Inside the Bradley Symphony Center
Contractors working diligently to transform former movie palace into modern music hall with Art Deco style.
The Milwaukee Symphony Orchestra‘s $89 million project to transform the former Warner Grand Theatre into a music hall now has a name: the Bradley Symphony Center.
Intended to honor the late Peg Bradley (1894-1978), the complex’s name comes as a result of over $52 million in donations from her grandson David and his wife Julia Uihlein, her granddaughter Lynde Uihlein, her late daughter’s namesake Jane Bradley Pettit Foundation and The Lynde and Harry Bradley Foundation. Harry and Peg Bradley married in 1926.
The hall itself will be known as Allen-Bradley Hall, a name intended to honor the thousands of people that worked to build the Allen-Bradley Company, including the company’s former touring orchestra. The Bradley family sold the company to Rockwell Automation in 1985, funding the Bradley Foundation with the proceeds. The foundation’s $20 million gift to support the new center is the largest gift in its history said foundation president Rick Graber.
Announcing the name Thursday afternoon in a brief press conference inside the construction site, David Uihlein said the new complex will secure the future of the symphony, restore a movie palace from 1930 and revitalize an important part of W. Wisconsin Ave. MSO President Mark Niehaus called it a “triple threat” during the June 2018 groundbreaking event, and said it was ideally suited for support from David and Julia Uihlein.
The doors will open to the public in late September 2020 as part of Doors Open Milwaukee. The first scheduled subscriber show is in October.
“Don’t anyone get the idea that we are done raising money,” said Uihlein. “We still have a long ways to go.” Niehaus said the organization has raised $129 million of its now $140 million goal. In addition to funding the new center, the capital campaign will retire the organization’s debt and establish an endowment.
The overarching reason for moving out of the Marcus Center is for the symphony to control its calendar in a move towards longterm financial stability. MSO President Mark Niehaus, who played his trumpet on the theater’s stage in the original sound test over a decade ago, said the symphony intends to perform 130 times a year in the new venue. The hall won’t sit dark on other days, the Pabst Theater Group and other organizations will book shows in Allen-Bradley Hall.
The Bradley family has its name on a number of Milwaukee landmarks. The most well-known, until last year, was the Bradley Center arena now demolished in favor of Fiserv Forum. Uihlein Hall, the current home of the MSO at the Marcus Performing Arts Center, also reflects the family’s legacy, as does the complex’s Bradley Pavilion and Vogel Hall. The family has made a number of substantial gifts to the Milwaukee Art Museum and also created the Lynden Sculpture Garden from its onetime home.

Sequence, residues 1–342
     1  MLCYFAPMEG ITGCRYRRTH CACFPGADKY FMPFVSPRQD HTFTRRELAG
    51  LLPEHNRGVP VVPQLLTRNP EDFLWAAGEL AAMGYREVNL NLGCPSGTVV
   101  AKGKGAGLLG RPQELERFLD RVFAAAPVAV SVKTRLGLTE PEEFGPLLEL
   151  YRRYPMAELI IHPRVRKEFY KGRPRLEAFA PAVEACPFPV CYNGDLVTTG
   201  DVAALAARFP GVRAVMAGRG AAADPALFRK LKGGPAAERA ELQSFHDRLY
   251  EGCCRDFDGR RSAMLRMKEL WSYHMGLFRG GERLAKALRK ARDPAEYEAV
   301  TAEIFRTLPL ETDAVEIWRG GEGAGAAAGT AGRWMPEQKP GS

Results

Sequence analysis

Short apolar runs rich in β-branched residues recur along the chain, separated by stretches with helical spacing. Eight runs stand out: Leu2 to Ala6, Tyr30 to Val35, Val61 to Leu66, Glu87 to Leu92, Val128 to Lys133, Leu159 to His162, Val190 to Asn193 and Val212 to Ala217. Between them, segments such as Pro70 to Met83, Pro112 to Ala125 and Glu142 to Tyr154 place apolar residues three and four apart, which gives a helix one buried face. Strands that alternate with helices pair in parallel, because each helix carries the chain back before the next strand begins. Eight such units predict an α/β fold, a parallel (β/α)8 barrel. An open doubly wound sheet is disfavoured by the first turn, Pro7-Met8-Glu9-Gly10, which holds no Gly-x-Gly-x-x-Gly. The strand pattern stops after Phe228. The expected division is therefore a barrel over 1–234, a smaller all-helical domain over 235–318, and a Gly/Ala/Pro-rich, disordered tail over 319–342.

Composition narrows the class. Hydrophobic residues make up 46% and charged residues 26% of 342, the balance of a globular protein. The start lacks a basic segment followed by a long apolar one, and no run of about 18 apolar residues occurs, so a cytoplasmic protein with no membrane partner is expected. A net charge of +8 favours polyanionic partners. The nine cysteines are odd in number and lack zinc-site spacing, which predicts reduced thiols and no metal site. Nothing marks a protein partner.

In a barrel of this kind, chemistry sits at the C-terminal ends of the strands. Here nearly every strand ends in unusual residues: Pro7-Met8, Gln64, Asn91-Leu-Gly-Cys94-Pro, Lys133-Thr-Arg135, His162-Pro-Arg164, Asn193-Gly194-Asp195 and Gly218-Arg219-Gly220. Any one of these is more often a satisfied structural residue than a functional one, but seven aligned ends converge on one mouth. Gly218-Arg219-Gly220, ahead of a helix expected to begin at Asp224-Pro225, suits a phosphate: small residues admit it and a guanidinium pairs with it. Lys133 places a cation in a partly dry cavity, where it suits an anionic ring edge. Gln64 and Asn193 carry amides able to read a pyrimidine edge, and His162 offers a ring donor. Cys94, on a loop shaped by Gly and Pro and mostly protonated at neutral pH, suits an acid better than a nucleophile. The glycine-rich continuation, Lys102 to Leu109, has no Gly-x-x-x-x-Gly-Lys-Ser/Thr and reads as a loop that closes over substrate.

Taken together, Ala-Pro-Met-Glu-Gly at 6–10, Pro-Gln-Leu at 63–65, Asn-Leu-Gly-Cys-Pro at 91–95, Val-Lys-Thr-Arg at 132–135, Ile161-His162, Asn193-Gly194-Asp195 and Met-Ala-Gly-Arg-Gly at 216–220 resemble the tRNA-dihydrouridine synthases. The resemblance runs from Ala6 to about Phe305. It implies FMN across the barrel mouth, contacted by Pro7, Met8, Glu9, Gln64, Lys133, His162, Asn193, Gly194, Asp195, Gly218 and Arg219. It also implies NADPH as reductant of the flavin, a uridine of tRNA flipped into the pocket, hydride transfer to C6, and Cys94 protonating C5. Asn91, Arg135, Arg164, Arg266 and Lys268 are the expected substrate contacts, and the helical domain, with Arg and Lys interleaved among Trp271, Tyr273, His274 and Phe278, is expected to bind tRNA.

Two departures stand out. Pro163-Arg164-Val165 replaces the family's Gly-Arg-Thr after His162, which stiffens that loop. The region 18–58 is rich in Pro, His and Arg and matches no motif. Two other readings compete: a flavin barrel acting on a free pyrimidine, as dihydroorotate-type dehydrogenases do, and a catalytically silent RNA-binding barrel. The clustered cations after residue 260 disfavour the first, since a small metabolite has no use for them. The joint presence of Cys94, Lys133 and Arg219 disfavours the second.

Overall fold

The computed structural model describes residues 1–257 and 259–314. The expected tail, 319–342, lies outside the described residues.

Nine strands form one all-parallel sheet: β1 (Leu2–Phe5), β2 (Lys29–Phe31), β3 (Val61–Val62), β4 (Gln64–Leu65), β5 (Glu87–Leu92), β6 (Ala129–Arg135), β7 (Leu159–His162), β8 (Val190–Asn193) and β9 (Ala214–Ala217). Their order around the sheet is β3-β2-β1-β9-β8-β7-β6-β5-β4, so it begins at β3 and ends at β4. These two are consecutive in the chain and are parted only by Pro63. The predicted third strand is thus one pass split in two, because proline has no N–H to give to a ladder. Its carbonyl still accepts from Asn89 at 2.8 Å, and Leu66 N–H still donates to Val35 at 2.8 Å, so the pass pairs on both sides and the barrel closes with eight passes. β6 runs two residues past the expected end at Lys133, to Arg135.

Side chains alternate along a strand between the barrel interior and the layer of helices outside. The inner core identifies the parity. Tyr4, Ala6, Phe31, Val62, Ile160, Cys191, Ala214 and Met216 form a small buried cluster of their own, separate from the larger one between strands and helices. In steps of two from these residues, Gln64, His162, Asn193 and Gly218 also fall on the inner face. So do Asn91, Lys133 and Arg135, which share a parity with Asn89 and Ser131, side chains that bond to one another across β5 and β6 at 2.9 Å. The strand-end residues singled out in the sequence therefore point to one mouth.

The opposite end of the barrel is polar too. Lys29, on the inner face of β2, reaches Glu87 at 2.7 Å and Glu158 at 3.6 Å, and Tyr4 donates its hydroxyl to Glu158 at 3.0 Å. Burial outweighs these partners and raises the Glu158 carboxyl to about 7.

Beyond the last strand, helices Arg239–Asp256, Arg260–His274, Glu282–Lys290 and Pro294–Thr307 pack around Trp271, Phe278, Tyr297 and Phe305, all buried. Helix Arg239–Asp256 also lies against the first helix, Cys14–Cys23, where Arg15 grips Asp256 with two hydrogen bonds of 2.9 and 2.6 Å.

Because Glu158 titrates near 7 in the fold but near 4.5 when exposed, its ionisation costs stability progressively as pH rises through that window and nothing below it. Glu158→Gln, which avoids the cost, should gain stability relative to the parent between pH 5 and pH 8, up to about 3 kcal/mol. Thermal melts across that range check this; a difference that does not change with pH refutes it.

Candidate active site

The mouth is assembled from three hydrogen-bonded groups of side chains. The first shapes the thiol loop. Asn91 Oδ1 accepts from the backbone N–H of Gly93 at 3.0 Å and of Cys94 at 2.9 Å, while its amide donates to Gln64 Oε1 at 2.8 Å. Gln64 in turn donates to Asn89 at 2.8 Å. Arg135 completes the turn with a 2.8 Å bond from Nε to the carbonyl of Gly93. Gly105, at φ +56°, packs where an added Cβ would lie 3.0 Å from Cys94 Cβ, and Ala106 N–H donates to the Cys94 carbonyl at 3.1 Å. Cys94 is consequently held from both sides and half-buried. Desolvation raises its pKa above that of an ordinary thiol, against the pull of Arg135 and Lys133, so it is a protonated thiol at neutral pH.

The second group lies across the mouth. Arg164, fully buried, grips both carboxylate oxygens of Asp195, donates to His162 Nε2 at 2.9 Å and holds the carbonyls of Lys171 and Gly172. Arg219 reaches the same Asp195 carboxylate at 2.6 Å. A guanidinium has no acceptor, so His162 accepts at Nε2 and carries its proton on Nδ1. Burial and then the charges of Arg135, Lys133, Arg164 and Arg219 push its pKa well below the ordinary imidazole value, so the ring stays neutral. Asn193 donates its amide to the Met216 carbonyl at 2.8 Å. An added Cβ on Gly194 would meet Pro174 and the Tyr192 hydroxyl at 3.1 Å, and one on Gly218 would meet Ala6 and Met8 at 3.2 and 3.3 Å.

Even including expending of over $1 million to relocate a wall weighing over 600 tons 35 feet into N. 2nd St. (to accommodate a larger stage), the project is “on time and on budget” said Niehaus.
Niehaus detailed how workers have spent much of the past months atop scaffolding repairing and cleaning the ornamentation and painting on the theater’s ceiling and walls. A media tour after the press conference allowed members of the press to touch the ceiling.
A temporary wall dividing the historic theater from the new stage addition will be removed in the coming two months and the scaffolding will come down.
But work is still a long way from completion. Niehaus said the organization has no plans currently to open the space during the Democratic National Convention.
Despite being a new addition to the complex, the building will be deeply embedded with history. There will be a special “easter egg” for visitors to the second floor. “Embedded in the glass are all the names of the composers we have played before moving,” said Niehaus in an interview.
The glassy addition is built atop the site of the sushi restaurant that was demolished by the MSO, which itself was built on the site of a former office tower. All have used the same foundation.
Behind the theater a new structure is nearing completion that is designed to mirror the look and feel of the historic theater. The structure holds a number of facilities not included in a historic movie theater, notably changing rooms for the musicians and a substantial number of restrooms.
The 12-story office tower that rises above the theater’s entrance at 212 W. Wisconsin Ave. will have five of its floors redeveloped into administrative offices for the symphony and other back-of-the-house space. The remaining space at the top of the tower is intended to eventually be sold to another developer.
January Exterior Photos
Building Expansion Plans
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More about the Bradley Symphony Center
- Friday Photos: Inside the Bradley Symphony Center - Jeramey Jannene - Feb 14th, 2020
- Friday Photos: Symphony’s New Home Takes Shape - Jeramey Jannene - Jan 17th, 2020
- Eyes on Milwaukee: Symphony Moves a 625-Ton Wall - Jeramey Jannene - Aug 13th, 2019
- Friday Photos: Full Speed Ahead on Symphony Project - Jeramey Jannene - Sep 7th, 2018
- Eyes on Milwaukee: Symphony Breaks Ground on New Hall - Jeramey Jannene - Jun 21st, 2018
- Eyes on Milwaukee: Symphony’s Grand Theatre Plan Moves Forward - Jeramey Jannene - May 8th, 2018
- Eyes on Milwaukee: Committee Okays Symphony Plan for Grand Theatre - Jeramey Jannene - May 1st, 2018
- City Panel Okays Big Westown Upgrades - Graham Kilmer - Feb 1st, 2017
- Murphy’s Law: Symphony Move Huge for Downtown - Bruce Murphy - Dec 20th, 2016
- Back in the News: Can Old Warner Theater Be Saved? - Bruce Murphy - Jul 8th, 2013
- We Want to Save the Warner - Brian Jacobson - Jun 12th, 2013